Vertex Arrays

You'll learn in this tutorial:

How can I compute vertices on a sphere?

Of course there is a glut command for rendering spheres. But there are two disadvantages: What GLUT does is not the fastest way and you cannot specify different colors for the vertices. And what I did in this tutorial is also not possible with glutWireSphere(): You cannot move certain points up and down. So it is necessary to compute the vertices our own. To do this, you can use several circles ( in the x-z-plane), each with another radius and y-value. The highest and lowest circles have a radius of zero, so we can say, it is only one vertex. Let's use a counter i that counts from zero to the number of circles - 3: minus two because two "circles" aren't circles, and minus one because we start counting at zero. The first thing is to think of the radius of the sphere: one is the easiest, if you want to draw bigger or smaller spheres you call glScale(). We now need the radius of each circle. Note that the beginning vertices of each circle lie on an arc (180) with the radius of the sphere. The distance of those vertices is not the same, only the y-value-distance. Finally, the formula is r = sin ( acos (yValueOfCircle)); Now it is quite easy to compute the vertices: You have the y-value and the radius of the circle, that is parallel to the x-z-plane. You need a second counter, which you use to compute the angle, and then just use sin() and cos(). That's it.

How can I use vertex arrays?

First of all an explanation, what vertex arrays are: The more values you specify per vertex (position, color, normal vector...) the more calls you need. This means time, and so calling several gl* -calls is quite inefficient. So vertex arrays help you to need less calls. You pass a pointer to your vertex data (which must be in the right format) to OpenGL and then you can decide, which ones of these vertices shall be rendered and how. Another advantage is possible, when vertices are used in several polygons (this happens very often): Some implementaitions might cache the rendered vertices and wouldn't have to rerender them in the next polygon. As you see, vertex arrays can greatly improve rendering speed. There are several possibilites to tell OpenGL which vertices shall be rendered. In this example I use glDrawElements(). This means, I create an "index"-array. Here I store, which vertices shall be rendered. One vertex appears probably more than once in this array, because it is part of several polygons. To dereference a single vertex you call glArrayElement() , to dereference a sequence of vertices you call glDrawArrays().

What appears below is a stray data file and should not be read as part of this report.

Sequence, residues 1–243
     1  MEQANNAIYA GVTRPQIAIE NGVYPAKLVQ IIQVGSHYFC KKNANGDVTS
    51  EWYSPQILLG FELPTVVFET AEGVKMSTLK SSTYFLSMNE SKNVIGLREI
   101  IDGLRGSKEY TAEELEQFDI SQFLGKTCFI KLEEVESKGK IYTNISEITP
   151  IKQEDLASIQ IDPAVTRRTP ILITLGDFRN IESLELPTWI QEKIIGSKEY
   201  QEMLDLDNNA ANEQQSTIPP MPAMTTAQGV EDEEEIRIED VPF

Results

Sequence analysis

Ok now, the only two things now you haven't heard yet is how to turn on the vertex array functionality and how to pass the data pointers. First you have to enable each array, this is done by glEnableClientState(). You can use GL_VERTEX_ARRAY, GL_NORMAL_ARRAY; GL_COLOR_ARRAY, GL_INDEX_ARRAY (this means color indices, not the vertex indices I mentioned before), GL_TEXTURE_COORD_ARRAY or GL_EDGE_FLAG_ARRAY as parameter.

Then you call glVertexPointer / glNormalPointer / glColorPointer / glIndexPointer / glTexCoordPointer / glEdgeFlagPointer. The first parameter tells OpenGL, how many components there are per vertex. For example you would use 2 for 2d-vertices, 3 for 3d-vertices and 4 for 4d-vertices in glVertexPointer.  The second parameter specifies the data type (values could be GL_BYTE, GL_INT, GL_FLOAT and so on).The third one is used, when your data is not tightly packed. This is case, if you use a "vertex"-struct, where several values for a vertex (position and normal vector, for example) are stored. Then you pass the size of your vertex struct, otherwise you take zero. The last parameter is a pointer to the data.

That's all, look here to see how I realized this tutorial.

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philipp.crocoll@web.de

www.codecolony.de